In the present article, we will compare different loss coefficients computed from several unsteady high-fidelity simulations of compressor blades, and we will further discuss the results computing the full transport equation of entropy and stagnation pressure flux. The article is structured as follow: (1) the global loss coefficients are introduced; (2) the numerical methods and simulation cases are summarized; (3) transport equations of entropy flux and stagnation pressure flux are analyzed to provide a rationale for a comparison of the metrics; and (4) the result section that discusses the different loss coefficients and loss budgets with a focus on the effect of turbulence on the different budgets. In particular, the article addresses the following questions:

What determines the stagnation pressure and entropy loss coefficients?

What drives the difference between the loss coefficients?

When can we expect the two coefficients to vary?

## 2 Computational Setup

### 2.1 Solver Details.

For this study, we use high-fidelity datasets of Przytarski and Wheeler [12,14]. These datasets were generated using the high-order compressible Navier–Stokes solver $3DNS$ [17]. In total, eight datasets were used which consisted of two $NACA65$ datasets at steady turbulent inflow conditions, three $NACA65$ datasets at unsteady inflow conditions akin to multistage environment, and three $CDA$ (Controlled Diffusion Airfoil) datasets unsteady inflow conditions akin to multistage environment. Table 1 summarizes the datasets and shows the running conditions of each case. For cases with unsteady inflow conditions reduced frequency $Fred$ was also reported, and the unsteadiness intensity was decomposed into periodic Pu and turbulent Tu components. The spanwise extent for $NACA65$ cases was 10% of the axial chord, while $CDA$ cases used spanwise extent equal to 15% of axial chord. Maximum viscous wall for these geometries are reported in Table 2 asserting the wall-resolved accuracy. Setup details and a more thorough description of each case, including a procedure used to mimic the multistage environment, can be found in Refs. [12,14]. An example of an instantaneous flowfield for steady and unsteady $NACA65$ profile as well as an unsteady $CDA$ profile is shown in Fig. 1 for which the spanwise vorticity contours were plotted.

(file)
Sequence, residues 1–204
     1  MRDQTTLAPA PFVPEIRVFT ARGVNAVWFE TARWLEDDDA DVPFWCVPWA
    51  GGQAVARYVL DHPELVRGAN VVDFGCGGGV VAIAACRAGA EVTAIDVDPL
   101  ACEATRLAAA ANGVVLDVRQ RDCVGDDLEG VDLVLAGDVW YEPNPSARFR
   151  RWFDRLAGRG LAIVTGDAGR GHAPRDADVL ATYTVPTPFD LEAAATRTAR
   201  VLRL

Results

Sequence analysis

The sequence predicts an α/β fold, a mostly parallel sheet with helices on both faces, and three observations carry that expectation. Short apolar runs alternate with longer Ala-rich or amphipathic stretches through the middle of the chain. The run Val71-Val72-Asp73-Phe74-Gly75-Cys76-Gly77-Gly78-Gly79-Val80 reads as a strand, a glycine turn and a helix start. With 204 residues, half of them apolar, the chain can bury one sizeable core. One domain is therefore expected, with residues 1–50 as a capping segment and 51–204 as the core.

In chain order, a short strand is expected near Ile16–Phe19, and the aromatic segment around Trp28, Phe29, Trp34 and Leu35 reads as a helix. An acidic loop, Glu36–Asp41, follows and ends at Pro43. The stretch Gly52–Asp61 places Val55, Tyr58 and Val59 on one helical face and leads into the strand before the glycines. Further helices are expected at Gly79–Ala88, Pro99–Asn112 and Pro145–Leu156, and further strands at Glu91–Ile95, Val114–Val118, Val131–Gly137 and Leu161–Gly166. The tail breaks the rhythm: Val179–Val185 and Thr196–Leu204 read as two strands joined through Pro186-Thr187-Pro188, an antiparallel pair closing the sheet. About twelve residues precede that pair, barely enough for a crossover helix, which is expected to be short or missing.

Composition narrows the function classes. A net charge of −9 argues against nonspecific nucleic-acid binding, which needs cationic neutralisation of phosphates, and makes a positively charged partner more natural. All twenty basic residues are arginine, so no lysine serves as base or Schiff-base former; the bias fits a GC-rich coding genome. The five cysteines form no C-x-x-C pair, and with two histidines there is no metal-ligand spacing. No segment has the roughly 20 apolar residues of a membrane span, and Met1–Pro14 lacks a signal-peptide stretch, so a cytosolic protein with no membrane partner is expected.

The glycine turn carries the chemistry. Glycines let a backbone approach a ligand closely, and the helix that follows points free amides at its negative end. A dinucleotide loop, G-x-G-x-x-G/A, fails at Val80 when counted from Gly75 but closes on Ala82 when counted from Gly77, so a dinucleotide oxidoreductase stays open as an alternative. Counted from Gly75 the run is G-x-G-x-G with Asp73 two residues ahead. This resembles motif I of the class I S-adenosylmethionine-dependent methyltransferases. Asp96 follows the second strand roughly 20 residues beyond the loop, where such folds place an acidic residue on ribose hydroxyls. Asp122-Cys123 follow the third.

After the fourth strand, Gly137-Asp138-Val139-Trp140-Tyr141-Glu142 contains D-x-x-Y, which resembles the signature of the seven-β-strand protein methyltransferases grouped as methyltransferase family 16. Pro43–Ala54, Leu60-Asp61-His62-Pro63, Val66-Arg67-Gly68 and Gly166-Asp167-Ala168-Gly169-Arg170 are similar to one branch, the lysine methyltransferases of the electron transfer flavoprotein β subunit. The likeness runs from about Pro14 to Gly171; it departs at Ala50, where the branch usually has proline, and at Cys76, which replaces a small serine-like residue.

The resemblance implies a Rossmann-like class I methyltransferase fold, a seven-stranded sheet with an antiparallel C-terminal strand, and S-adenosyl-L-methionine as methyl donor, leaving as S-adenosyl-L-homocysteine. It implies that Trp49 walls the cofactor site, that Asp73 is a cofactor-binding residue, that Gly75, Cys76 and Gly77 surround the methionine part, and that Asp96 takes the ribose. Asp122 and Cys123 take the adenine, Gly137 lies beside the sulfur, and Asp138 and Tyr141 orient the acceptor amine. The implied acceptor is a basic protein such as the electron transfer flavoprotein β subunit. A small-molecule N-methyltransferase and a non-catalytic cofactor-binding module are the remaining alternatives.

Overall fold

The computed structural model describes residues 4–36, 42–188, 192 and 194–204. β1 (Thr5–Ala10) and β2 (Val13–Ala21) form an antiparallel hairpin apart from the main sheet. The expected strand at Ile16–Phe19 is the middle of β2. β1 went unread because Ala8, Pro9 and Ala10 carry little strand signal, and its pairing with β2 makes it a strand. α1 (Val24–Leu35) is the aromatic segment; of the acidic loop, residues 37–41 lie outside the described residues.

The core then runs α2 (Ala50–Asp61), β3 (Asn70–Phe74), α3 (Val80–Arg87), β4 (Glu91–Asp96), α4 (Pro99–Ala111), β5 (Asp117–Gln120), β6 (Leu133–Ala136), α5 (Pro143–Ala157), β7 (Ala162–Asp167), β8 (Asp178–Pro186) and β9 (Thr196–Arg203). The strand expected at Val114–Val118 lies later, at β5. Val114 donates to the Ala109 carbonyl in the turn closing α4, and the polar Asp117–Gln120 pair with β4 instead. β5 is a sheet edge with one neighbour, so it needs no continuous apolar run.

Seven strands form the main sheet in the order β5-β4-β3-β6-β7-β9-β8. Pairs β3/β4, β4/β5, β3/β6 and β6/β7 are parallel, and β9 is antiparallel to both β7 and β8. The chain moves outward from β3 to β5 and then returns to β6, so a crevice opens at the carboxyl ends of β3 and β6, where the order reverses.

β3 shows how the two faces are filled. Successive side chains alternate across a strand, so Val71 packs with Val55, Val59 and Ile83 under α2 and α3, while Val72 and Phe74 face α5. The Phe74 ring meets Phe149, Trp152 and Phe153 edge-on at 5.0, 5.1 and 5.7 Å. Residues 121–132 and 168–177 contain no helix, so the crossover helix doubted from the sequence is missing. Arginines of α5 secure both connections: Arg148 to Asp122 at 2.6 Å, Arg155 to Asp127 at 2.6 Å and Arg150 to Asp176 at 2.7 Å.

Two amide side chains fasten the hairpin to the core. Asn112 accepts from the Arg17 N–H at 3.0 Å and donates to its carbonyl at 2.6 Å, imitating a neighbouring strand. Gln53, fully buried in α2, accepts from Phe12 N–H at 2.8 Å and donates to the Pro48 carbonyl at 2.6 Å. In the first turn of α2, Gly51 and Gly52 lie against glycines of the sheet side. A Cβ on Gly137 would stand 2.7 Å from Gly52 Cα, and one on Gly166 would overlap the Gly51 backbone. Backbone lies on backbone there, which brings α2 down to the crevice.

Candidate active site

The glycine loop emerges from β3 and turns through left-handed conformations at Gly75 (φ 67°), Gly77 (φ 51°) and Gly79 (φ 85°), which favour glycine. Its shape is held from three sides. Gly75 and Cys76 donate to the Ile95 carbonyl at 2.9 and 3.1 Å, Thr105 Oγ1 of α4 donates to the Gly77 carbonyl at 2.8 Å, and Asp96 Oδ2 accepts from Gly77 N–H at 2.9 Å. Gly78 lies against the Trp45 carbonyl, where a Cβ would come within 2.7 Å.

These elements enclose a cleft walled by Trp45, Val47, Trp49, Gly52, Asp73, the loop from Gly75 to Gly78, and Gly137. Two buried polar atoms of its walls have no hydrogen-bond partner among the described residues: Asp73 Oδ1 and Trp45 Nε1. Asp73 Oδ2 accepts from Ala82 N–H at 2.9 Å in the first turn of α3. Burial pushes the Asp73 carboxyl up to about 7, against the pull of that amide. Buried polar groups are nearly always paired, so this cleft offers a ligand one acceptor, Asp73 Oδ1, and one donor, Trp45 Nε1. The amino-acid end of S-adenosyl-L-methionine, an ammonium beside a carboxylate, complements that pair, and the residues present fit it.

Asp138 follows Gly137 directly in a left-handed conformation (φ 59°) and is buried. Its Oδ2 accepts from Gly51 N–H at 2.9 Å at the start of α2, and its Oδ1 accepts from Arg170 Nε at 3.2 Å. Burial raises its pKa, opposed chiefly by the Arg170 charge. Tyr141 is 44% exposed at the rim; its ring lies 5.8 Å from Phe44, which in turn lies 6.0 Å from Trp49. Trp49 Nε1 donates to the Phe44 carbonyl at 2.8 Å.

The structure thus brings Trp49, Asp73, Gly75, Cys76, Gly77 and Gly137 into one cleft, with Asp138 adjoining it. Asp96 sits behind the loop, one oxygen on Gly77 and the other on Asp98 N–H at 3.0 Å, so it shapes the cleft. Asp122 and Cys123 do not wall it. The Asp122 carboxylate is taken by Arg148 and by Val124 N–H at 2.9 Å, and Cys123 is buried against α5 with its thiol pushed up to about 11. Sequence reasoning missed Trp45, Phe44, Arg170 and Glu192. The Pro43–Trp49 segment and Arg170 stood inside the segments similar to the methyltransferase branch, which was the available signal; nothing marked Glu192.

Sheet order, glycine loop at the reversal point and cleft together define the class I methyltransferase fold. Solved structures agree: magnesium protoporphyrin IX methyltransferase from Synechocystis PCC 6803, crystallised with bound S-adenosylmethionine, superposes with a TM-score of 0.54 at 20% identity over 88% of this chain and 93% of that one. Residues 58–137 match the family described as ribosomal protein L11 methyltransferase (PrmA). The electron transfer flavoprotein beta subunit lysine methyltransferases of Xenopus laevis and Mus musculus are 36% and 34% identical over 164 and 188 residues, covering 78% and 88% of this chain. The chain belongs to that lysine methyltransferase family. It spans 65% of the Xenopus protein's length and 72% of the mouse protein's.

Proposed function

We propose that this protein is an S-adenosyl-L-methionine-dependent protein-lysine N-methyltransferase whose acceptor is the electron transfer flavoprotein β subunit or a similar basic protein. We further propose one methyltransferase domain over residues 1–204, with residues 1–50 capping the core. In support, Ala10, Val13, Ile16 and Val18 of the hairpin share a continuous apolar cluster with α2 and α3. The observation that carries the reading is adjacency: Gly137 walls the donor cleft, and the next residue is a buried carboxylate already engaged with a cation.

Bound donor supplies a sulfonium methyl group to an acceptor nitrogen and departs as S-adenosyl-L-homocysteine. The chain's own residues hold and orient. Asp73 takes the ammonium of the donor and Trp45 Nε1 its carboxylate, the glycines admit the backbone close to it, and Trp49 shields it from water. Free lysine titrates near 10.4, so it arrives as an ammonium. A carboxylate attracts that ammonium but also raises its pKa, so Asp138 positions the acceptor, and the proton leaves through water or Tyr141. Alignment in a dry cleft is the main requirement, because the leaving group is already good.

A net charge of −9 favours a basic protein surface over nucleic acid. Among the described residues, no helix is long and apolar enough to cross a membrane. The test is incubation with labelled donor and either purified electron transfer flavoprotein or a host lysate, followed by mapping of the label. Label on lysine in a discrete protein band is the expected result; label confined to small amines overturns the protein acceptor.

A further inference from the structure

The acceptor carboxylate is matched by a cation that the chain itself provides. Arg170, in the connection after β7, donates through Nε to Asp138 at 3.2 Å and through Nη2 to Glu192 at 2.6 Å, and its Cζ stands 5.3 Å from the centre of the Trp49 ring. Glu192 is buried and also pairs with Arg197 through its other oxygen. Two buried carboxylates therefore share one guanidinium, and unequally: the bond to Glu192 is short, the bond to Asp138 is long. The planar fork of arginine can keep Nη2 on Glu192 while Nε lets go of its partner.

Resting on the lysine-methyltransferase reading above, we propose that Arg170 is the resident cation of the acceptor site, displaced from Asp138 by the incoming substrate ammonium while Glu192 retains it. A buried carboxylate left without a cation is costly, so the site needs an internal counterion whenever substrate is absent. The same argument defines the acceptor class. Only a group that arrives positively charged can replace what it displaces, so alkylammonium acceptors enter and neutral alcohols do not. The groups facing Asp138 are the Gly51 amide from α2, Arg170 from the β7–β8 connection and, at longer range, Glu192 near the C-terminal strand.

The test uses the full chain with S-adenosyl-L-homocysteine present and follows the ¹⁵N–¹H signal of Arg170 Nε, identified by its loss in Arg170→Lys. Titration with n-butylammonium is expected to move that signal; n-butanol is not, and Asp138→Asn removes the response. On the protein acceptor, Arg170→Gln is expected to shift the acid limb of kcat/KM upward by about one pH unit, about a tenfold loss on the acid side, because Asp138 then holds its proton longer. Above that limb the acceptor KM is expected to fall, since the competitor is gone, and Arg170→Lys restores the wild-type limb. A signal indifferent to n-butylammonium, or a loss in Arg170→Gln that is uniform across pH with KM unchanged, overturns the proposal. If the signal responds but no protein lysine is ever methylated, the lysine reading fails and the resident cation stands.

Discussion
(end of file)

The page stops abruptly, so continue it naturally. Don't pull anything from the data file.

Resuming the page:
Geometry | Case | Re | Ma | $Fred$ | Pu | Tu |
---|---|---|---|---|---|---|

NACA65 | Tu4 | 140k | $0.065$ | — | — | $4.0%$ |

NACA65 | Tu6 | 140k | $0.065$ | — | — | $6.0%$ |

NACA65 | Gap30 | 140k | $0.065$ | $1.71$ | $5.0%$ | $4.2%$ |

NACA65 | Gap40 | 140k | $0.065$ | $1.71$ | $3.6%$ | $3.3%$ |

NACA65 | Gap50 | 140k | $0.065$ | $1.71$ | $3.0%$ | $2.9%$ |

CDA | Gap30 | 250k | $0.20$ | $2.49$ | $4.9%$ | $3.1%$ |

CDA | Gap40 | 250k | $0.20$ | $2.49$ | $3.7%$ | $2.9%$ |

CDA | Gap50 | 250k | $0.20$ | $2.49$ | $3.2%$ | $3.0%$ |

Geometry | Case | Re | Ma | $Fred$ | Pu | Tu |
---|---|---|---|---|---|---|

NACA65 | Tu4 | 140k | $0.065$ | — | — | $4.0%$ |

NACA65 | Tu6 | 140k | $0.065$ | — | — | $6.0%$ |

NACA65 | Gap30 | 140k | $0.065$ | $1.71$ | $5.0%$ | $4.2%$ |

NACA65 | Gap40 | 140k | $0.065$ | $1.71$ | $3.6%$ | $3.3%$ |

NACA65 | Gap50 | 140k | $0.065$ | $1.71$ | $3.0%$ | $2.9%$ |

CDA | Gap30 | 250k | $0.20$ | $2.49$ | $4.9%$ | $3.1%$ |

CDA | Gap40 | 250k | $0.20$ | $2.49$ | $3.7%$ | $2.9%$ |

CDA | Gap50 | 250k | $0.20$ | $2.49$ | $3.2%$ | $3.0%$ |

## 3 Loss Metrics